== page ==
Have students divide themselves into two groups: one group that supports King’s decision to speak out against the war, and one group that feels he made an error. Give each group the packet of editorials along with King’s letter to Southern Christian Leadership Conference (SCLC) members who have withdrawn their support. Groups should use the letters and articles that support and refute their position to develop as strong an argument as possible. You may have students write an editorial to present to the class or have a less formal presentation where they field questions from the opposing group.
Some questions to consider for the activity:
- Was King’s decision to speak out against the war a departure from his stated philosophical, political, and/or social commitments?
- What relevance did King's role as a clergyman have for his position? What about as a Nobel Peace Prize recipient? What about his role as a civil rights leader?
- Do you believe there was a relationship between the war in Vietnam and the civil rights struggle at home? Why or why not?
- Were there any inconsistencies with King’s stated position on the war in Vietnam and his stated position as a civil rights leader? (Consider the role of nonviolence.)
- What were some of the main criticisms King’s opponents made regarding his statement on the war in Vietnam? What were some of the main arguments made by those defending King’s position?
- What if King had not taken a position on the war in Vietnam? Would it have undermined his stated commitment to nonviolence and social justice, or would it have merely highlighted his commitment to the civil rights movement?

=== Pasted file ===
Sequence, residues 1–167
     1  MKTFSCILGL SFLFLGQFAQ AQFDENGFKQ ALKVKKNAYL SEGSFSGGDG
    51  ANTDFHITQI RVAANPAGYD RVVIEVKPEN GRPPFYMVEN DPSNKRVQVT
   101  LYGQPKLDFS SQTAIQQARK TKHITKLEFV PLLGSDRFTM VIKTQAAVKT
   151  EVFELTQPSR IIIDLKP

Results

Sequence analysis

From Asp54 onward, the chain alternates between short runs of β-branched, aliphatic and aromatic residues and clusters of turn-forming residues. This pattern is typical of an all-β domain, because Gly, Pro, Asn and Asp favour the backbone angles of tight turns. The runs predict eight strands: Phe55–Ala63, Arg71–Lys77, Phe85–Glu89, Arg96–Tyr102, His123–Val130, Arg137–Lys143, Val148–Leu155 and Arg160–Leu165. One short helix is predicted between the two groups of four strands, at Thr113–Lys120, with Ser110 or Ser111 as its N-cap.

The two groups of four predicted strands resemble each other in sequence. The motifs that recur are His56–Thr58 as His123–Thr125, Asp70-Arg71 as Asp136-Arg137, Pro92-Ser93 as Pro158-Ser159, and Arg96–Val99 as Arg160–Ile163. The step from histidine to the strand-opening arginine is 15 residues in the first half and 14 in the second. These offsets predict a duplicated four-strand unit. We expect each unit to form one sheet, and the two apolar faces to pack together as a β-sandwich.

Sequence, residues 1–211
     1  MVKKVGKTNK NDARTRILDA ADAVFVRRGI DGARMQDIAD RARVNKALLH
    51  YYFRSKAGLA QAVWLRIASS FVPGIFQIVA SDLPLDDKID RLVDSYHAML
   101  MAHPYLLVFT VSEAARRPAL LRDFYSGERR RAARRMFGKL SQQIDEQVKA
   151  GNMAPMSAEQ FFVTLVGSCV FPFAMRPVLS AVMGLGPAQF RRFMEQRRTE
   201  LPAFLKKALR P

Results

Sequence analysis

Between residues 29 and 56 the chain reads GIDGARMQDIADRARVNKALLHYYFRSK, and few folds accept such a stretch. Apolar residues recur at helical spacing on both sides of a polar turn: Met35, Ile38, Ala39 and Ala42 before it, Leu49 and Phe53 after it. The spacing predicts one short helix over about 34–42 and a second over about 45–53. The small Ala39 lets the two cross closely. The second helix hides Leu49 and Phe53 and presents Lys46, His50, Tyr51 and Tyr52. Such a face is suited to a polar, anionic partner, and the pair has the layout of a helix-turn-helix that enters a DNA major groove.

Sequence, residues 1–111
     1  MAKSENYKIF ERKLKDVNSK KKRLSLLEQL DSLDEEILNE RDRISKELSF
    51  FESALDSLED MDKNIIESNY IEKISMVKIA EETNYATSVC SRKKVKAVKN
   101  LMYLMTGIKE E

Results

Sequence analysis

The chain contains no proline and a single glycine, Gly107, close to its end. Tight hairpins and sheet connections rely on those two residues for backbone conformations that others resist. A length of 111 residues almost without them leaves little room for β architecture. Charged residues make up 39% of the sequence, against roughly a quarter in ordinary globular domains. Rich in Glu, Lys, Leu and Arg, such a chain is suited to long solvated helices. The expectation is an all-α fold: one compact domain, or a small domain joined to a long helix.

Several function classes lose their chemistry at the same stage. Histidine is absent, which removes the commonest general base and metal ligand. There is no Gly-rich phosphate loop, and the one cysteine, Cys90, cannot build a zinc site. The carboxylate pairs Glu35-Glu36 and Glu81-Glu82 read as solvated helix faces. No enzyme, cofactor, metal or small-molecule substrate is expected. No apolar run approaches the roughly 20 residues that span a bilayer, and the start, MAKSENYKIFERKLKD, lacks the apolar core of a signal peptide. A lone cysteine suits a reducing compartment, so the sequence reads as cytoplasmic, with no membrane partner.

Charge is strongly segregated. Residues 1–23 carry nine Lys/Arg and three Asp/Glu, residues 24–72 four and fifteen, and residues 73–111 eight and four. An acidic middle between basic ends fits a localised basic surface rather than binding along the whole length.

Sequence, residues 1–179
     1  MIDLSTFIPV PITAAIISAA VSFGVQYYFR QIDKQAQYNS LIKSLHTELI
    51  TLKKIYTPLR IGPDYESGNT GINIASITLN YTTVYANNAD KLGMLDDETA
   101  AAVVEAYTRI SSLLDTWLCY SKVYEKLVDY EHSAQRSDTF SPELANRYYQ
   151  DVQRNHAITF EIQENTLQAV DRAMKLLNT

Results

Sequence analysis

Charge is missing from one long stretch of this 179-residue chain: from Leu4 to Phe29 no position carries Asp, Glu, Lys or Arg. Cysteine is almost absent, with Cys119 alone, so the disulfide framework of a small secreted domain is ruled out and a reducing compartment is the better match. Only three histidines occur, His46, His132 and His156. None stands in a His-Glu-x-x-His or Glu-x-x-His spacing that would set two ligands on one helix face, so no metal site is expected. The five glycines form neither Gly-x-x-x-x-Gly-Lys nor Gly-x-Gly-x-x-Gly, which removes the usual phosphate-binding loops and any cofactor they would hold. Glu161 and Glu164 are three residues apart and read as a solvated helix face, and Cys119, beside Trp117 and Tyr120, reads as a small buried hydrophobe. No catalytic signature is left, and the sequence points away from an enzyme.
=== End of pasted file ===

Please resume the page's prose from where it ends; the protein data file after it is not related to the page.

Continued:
- What role, if any, might King’s race have had to do with how his statement was received?
- Do you believe that moral, religious, and political considerations should be separated if it serves a tactical goal?
- In his letter “Dr. King Backed,” James Bevel states, “Logically, the welfare of non-white peoples in this nation is inextricably linked with the welfare of non-white peoples around the world.” Do you agree? Why or why not?
- What sort of impact do you believe King’s decision to speak out against the war had on the civil rights movement? If you believe it harmed the movement, was it worth it?
- Finally, how are these issues relevant today? Could the case be made that our current foreign policy has implications for domestic policy? How?
Have students read the remainder of “Beyond Vietnam” and complete primary source evaluation. Have students share responses with class.